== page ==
During my time as Project Manager of Hacker Highschool (2012-2016) I had the opportunity to write articles for several security publications. This article, “Interactions, Trust, and Google Chrome”, appeared on January 14, 2016, and looked at the obvious and not-so-obvious trusts we give Google and interactions we allow with them.
I’m not a Google Hater; in fact I find their tools really useful in my consulting work. But I’m very cautious about sharing certain things, for instance my wifi network passwords. Check it out for a fuller discussion.
I first started talking with Pete Herzog through LinkedIn in 2010. His pocket institute, ISECOM, had produced some really interesting material, including the Open Source Security Testing Methodology Manual (OSSTMM) and Hacker Highschool (HHS). Lots of his ideas were great, but wrapped in language that made them really difficult to understand. In my innocence I thought, “Hey, I can contribute by drastically improving the quality of the prose here.” Soon I was working on a lesson, and by 2012 Pete had asked me to take over as Project Manager of Hacker Highschool.
It was a fun, and hysterically busy, beginning. We charted out a whole series of lessons beyond the original 12 released in 2004, and enlisted what grew to become a cadre of contributors over 200 strong. There’s a trail of articles and updates by me, Pete and many others that chart that effort. It was a ton of fun, and I met a lot of great people, but it also consumed every bit of my free time for several years, and most important, didn’t make money.
Eventually we tried to improve the financial situation, but that’s a story for another post. (We weren’t successful.)
Hey kids, wanna get your hack on? The developers of Hacker Highschool, a free cybersecurity awareness and education project, have just issued a newly revamped version of the organization’s first lesson plan titled Being a Hacker, and will soon be reissuing updated curricula for all 23 of the course’s tutorials.
Pete described it as “open, free”, which is not to be confused with Open Source (the 2004 version was copyrighted, and version 2 was released under a Creative Commons-attribs-no-derivs “license”):
“This open, free project is a relaunch of the lessons first published in 2004. Over 60 volunteers, led by me and managed by Glenn Norman have been working months to provide a total of 23 lessons. The first of which has been released today, ‘Lesson 1, Being a Hacker’. The final lesson is on Trolling,” Herzog said.
Ah, those optimistic early days. I wish we could have made HHS a viable ongoing enterprise, but there’s no money in “open and free.” There is, however, a viable business model for shared community education about hacking, and I’m working to develop that now (2017) at School for Hackers (S4H): https://schoolforhackers.com/. I’ll have a lot more to say about S4H in coming posts, but for now I’ll just say it’s NOT about teaching teens cyber-security awareness; it’s very much for adults.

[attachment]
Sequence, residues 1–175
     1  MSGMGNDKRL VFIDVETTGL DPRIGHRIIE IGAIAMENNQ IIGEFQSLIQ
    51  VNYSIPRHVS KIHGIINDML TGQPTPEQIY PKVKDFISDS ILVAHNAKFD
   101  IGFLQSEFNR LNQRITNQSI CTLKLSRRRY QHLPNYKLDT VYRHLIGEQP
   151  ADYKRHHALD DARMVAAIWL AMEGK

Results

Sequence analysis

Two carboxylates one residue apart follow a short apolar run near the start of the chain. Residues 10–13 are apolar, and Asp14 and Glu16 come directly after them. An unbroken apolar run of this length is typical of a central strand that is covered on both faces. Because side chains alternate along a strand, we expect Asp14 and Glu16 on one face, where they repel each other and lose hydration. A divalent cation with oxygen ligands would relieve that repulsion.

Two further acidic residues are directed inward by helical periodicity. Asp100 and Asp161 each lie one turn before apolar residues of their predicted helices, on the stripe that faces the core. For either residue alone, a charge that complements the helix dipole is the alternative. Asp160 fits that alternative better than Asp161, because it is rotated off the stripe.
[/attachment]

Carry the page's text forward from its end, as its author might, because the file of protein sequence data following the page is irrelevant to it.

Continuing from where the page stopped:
As I’ve described in an earlier entry, I first got in touch with Pete Herzog and ISECOM (http://isecom.org) in 2010 through LinkedIn because, as a professional editor, I thought I could make a contribution to the writing and layout of some of his products. Initially I thought about working on the OSSTMM (http://osstmm.org), but accepted Pete’s offer to work on lessons for Hacker Highschool (http://hackerhighschool.org). In 2012 Pete asked me to take on the job of unpaid volunteer Project Manager for the Hacker Highschool Version 2 Rewrite Project, which I accepted.
Over the next four years I managed over 10,000 emails, almost 100 contributors and over 200 supporters of the project. Some of the lessons went through as many as 50 drafts, all of which I managed and edited. I learned a tremendous lot about hacking, hackers and hacker culture, most of it positive. By 2016, however, financial pressures forced me to relinquish the role of Project Manager.
The Hacker Highschool materials are open and free to the public, released under a Creative Commons Non-Commercial, No Deriviatives, Attribution Required License, which is an extension of copyright not formally embodied in law. Formal, legal copyright, of course, is always owned by the creator of a work, unless the creator is paid, or signs away rights in a contract. This means that all materials contributed to Hacker Highschool remain the copyright property of the contributors.
After my departure, ISECOM chose to keep our contributions but remove the names of several people from the Contributors pages, including mine.